So it might be career-focused. It might be skill-focused. My first experience was, they call it mentoring. So it’s kind of like you’re a teacher’s assistant in an introductory HTML/CSS class. So basically there was a lead instructor who taught the class how to build a webpage. And then there were a few of us as mentors or teaching assistants who helped one-on-one. Cause there were about 30 or 40 people in the class. so that was my first experience. And I was, you know, imposter syndrome I would say almost crippled me, almost kept me from going, but I was like, this is something that I’m really passionate about. I’m going to go.

And I loved it. Like it was probably top 10 and experiences of my life, honestly.

So I’ve been working with them since. Most recently I did a mother’s day collaboration that we did with another organization called Tech Girls, where we did like a mother/daughter class. And it was virtual because we were in the midst of the pandemic and everyone was being sheltered in place. So we kind of all hopped on Zoom and I taught a class of, of middle-aged, middle age girls cause that’s who Tech Girls focuses on. But with Philly Tech Sistas we kind of, you know, had their moms there as well. So it could be like a mother’s day activity for them. And that was really fun as well. Yeah.

Most recently with Tech Girls, anyone can volunteer to teach a course with Tech Girls, and being as though we’re in this pandemic right now, everything is online. So anyone from anywhere basically can volunteer. With Philly Tech Sistas it’s local. So, when you want to, anyone in Philadelphia looking for a volunteer experience would be able to, kind of reach out to Philly Tech Sistas and see what they have happening.

And then Tech Girls has a women in tech summit coming up as well. That starts next week. I’ll actually be speaking at and speaking about volunteering there. So both great organizations to be involved with.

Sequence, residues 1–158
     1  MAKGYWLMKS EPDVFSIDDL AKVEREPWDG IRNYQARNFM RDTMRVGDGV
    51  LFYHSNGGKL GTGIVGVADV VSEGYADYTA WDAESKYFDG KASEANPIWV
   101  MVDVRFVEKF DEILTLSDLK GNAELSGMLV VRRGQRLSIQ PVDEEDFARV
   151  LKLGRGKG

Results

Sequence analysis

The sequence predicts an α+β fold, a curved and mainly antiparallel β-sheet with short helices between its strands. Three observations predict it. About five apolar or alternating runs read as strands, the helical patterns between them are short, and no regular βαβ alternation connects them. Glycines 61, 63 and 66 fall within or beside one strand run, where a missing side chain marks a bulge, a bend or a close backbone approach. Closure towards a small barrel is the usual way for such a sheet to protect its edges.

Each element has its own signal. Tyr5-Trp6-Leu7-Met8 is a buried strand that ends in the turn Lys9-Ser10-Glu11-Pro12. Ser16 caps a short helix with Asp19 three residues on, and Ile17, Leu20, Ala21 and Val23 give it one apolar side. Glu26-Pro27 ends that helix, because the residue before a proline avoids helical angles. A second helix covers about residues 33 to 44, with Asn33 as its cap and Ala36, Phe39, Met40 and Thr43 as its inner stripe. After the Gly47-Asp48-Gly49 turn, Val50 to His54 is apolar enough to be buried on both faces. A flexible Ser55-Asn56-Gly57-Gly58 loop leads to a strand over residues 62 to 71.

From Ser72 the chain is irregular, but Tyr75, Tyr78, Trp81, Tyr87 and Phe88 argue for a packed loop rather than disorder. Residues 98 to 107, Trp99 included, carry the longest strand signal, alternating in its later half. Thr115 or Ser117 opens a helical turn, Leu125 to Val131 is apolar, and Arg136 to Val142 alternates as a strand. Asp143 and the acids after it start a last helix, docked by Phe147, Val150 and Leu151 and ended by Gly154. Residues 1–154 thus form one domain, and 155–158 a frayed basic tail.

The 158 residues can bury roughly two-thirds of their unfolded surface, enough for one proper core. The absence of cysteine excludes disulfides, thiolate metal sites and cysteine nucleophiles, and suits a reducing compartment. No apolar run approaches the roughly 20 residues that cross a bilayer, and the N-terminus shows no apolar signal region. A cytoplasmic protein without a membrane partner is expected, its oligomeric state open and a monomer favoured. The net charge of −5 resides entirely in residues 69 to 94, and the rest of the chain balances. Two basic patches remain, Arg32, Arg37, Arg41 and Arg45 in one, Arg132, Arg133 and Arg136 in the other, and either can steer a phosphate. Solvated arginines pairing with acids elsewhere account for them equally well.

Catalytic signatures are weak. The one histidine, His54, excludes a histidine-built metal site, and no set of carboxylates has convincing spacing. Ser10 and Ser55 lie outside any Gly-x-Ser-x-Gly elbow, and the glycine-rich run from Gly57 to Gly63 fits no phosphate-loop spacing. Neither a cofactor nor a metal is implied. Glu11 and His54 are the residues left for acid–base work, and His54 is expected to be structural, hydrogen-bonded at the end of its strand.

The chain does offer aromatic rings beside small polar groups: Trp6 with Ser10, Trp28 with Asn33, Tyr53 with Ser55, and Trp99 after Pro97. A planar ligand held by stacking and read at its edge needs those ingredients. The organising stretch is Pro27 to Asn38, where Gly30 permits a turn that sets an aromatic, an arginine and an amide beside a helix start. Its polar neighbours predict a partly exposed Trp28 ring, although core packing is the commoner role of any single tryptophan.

Jason Rodriguez: That’s awesome. I love hearing stories like that and just people, anybody giving back and, you know, trying to get more people involved in your industry and kind of show them the ropes and guide them along that path is, is fantastic to see.

I’m kind of curious, you, you mentioned earlier, kind of at the beginning of that story, how when you were growing up, you felt like you weren’t smart enough to work with computers or like learn the tech side of things. Do you think there’s like a root cause as to why you felt that way? Was that kind of like a representation thing in the tech world, you didn’t see anybody that, you know, look or spoke like you or whatever that happens to be or was it an access problem? You didn’t have access to those kinds of tools or, you know, there weren’t those classes as you were growing up, going through school. Why, what, what do you think was the root cause of that? And do you have any tips for how we can try to overcome that as a community?

Kisha Robinson: Yeah. My answer is going to be D all of the above!